Radio – Understanding How to Profit from the Digital Performance Royalty

By George Howard

As discussed in previous articles when an author creates an original work, and then “fixes” that work in a tangible medium (writes it down or records it), the author has created a copyright, and is granted six exclusive rights.  Each right is important for different reasons, and each ties directly to potential revenue streams that are crucial for artists to understand in order to build sustainable business models around their creative output.

This article highlights an anomaly with respect to United States copyright law as it relates to the exclusive right to publicly perform copyrighted material (in particular, when your music is “publicly performed” – i.e.played – by AM and/or FM radio).  The goals of this article are: 1. To increase awareness of the rules around this public performance royalty; 2. To provide suggestions on how artists can best focus their energies in the ever-evolving landscape.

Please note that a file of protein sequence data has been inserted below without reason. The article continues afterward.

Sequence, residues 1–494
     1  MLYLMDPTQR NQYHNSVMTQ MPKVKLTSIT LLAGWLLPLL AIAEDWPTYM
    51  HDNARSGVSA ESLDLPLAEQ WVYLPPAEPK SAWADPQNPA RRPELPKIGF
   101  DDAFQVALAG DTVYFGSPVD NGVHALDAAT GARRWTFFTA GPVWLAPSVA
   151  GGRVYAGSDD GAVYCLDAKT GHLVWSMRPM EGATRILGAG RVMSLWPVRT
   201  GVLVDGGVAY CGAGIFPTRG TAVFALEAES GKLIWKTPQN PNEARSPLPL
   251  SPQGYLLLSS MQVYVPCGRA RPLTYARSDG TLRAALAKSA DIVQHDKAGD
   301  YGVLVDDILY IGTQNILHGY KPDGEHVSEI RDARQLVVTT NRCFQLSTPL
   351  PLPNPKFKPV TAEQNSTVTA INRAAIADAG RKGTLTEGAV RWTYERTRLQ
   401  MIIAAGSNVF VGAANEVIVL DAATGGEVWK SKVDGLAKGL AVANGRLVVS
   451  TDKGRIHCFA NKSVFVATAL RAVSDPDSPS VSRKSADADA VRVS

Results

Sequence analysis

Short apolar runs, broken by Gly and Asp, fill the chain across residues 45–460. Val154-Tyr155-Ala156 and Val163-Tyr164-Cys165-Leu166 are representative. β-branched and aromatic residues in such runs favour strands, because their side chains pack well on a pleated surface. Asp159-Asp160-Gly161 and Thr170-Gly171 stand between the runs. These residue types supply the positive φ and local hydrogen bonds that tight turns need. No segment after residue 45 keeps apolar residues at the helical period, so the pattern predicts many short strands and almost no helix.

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Gadgets We Like: TASCAM Portastudio for iPad

By Jeff Price

Way back in the old days – the 80’s – when I would walk barefoot in the snow uphill, I bought myself a TASCAM four track recorder.  I loved it.  I would pop in a cassette and record four tracks of me not playing anything very well.  I recorded my first song and played it over and over trying to find ways to improve it (sadly, nothing would have helped).

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How Radio Works

By Mike King

In a perfect world, radio stations across the country would play songs based simply on the merits of the songs themselves. In a perfect world, a major radio station in a major market could be solicited in the same fashion as a publicist solicits Rolling Stone, for example: by sending a package, making a follow-up call, and if the “deciders” (in the case of radio, the program directors) like what they hear, they would promote the record by playing it on air. Unfortunately this is not how large traditional radio stations work.

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